Psychologists have always been fascinated by lying. Why we do it, when we do it, how it starts and the effect it has on us as human beings. Lying in young children is pretty much ubiquitous. By this I mean it would be pretty unusual to find a two or three year old who hasn’t been caught in a lie at least once in their young life. Research suggests that children at this age are most likely to lie to get themselves out of trouble, but some will equally lie to get their siblings into trouble. Other common motivations are to control others’ behaviour – so telling a lie to get that extra cookie or some other desirable item. Children’s lies at this age are pretty self-serving, equally they’re pretty transparent and can often be uncovered with some probing questions. Many children will forget, or won’t know how, to follow through the implications of a lie.
While lying in little kids is usually nothing to worry about, many parents are very concerned that it should not continue. In the goal of raising truthful children, many wonder whether or not it is ok for parents to lie and how parental lying may affect children. Does telling children lies, mean that they themselves are more likely to lie?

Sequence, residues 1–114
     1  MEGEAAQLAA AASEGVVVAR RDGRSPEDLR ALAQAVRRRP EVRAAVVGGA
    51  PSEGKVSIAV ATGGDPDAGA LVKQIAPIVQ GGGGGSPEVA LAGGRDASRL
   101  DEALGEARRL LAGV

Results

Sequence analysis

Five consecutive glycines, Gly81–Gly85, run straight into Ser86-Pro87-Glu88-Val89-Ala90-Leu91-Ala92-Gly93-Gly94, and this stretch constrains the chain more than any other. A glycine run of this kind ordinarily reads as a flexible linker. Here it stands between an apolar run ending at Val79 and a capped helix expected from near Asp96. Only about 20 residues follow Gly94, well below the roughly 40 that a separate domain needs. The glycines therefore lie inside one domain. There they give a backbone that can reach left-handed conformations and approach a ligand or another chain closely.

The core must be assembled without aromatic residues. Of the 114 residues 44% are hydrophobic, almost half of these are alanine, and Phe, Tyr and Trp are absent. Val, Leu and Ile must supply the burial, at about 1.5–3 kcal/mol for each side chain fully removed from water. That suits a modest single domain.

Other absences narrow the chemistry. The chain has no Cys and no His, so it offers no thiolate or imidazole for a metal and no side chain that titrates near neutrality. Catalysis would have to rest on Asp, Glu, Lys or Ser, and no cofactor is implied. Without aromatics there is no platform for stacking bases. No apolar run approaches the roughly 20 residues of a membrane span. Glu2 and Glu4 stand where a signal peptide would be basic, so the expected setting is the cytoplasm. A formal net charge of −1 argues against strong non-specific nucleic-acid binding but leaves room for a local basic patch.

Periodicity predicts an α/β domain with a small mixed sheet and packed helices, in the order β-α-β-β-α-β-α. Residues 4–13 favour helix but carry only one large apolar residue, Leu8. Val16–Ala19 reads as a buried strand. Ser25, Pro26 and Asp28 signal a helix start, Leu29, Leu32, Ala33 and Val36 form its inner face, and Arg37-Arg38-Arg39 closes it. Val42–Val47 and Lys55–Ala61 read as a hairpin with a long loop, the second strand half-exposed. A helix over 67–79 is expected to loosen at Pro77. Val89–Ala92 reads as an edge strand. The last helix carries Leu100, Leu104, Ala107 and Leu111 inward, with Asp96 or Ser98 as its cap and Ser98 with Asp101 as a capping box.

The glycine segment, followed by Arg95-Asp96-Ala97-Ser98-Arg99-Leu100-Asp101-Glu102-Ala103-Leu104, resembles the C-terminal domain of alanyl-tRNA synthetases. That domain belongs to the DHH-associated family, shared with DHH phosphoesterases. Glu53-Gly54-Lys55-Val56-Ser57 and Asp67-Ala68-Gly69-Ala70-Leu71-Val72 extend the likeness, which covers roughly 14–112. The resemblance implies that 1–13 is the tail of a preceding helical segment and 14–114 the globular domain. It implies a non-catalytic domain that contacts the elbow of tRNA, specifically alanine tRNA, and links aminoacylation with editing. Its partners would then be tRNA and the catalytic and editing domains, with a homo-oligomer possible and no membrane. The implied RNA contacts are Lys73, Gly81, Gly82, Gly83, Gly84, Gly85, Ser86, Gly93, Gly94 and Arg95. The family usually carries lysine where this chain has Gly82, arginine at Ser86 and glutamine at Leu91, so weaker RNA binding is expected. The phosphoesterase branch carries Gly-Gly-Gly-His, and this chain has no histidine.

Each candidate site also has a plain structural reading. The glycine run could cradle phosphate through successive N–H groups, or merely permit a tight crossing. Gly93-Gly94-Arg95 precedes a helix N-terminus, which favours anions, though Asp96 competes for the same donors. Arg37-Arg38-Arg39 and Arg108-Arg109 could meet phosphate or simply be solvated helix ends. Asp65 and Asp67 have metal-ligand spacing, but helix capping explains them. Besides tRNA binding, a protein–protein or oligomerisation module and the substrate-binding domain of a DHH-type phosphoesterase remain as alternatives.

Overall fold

Well, the news from social learning theory (Bandura, 1971) is that children learn from observation, particularly from individuals who are similar to themselves. Because lying is a social behaviour if a parent lies and the child is aware of the lie and sees the parent lying, she may be more likely to lie in the future. Experiments show that when an adult lies to a child and the child realises she has been lied to, she is more likely to lie herself.
I guess the message here is pretty clear. If you care about truthfulness, don’t lie. Or if you must lie – don’t get found out!